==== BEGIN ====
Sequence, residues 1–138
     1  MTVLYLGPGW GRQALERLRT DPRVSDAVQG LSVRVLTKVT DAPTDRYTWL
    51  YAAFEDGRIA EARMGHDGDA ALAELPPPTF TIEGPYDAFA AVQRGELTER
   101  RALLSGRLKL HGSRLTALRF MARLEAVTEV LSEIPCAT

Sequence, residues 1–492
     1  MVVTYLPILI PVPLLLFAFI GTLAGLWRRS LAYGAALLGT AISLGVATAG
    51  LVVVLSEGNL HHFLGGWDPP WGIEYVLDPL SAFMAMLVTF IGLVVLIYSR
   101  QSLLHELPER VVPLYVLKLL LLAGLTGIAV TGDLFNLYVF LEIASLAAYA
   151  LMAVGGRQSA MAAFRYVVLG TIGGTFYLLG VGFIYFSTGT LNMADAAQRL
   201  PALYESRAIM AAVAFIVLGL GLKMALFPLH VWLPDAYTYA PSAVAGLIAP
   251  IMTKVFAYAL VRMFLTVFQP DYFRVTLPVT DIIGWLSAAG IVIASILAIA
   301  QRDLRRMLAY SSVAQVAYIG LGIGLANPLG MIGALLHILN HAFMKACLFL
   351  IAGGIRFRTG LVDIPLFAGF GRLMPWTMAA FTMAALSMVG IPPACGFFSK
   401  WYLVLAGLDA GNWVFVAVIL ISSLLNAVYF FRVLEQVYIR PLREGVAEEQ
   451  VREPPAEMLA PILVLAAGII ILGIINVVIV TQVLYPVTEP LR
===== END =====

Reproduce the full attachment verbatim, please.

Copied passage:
Sequence, residues 1–138
     1  MTVLYLGPGW GRQALERLRT DPRVSDAVQG LSVRVLTKVT DAPTDRYTWL
    51  YAAFEDGRIA EARMGHDGDA ALAELPPPTF TIEGPYDAFA AVQRGELTER
   101  RALLSGRLKL HGSRLTALRF MARLEAVTEV LSEIPCAT

Sequence, residues 1–492
     1  MVVTYLPILI PVPLLLFAFI GTLAGLWRRS LAYGAALLGT AISLGVATAG
    51  LVVVLSEGNL HHFLGGWDPP WGIEYVLDPL SAFMAMLVTF IGLVVLIYSR
   101  QSLLHELPER VVPLYVLKLL LLAGLTGIAV TGDLFNLYVF LEIASLAAYA
   151  LMAVGGRQSA MAAFRYVVLG TIGGTFYLLG VGFIYFSTGT LNMADAAQRL
   201  PALYESRAIM AAVAFIVLGL GLKMALFPLH VWLPDAYTYA PSAVAGLIAP
   251  IMTKVFAYAL VRMFLTVFQP DYFRVTLPVT DIIGWLSAAG IVIASILAIA
   301  QRDLRRMLAY SSVAQVAYIG LGIGLANPLG MIGALLHILN HAFMKACLFL
   351  IAGGIRFRTG LVDIPLFAGF GRLMPWTMAA FTMAALSMVG IPPACGFFSK
   401  WYLVLAGLDA GNWVFVAVIL ISSLLNAVYF FRVLEQVYIR PLREGVAEEQ
   451  VREPPAEMLA PILVLAAGII ILGIINVVIV TQVLYPVTEP LR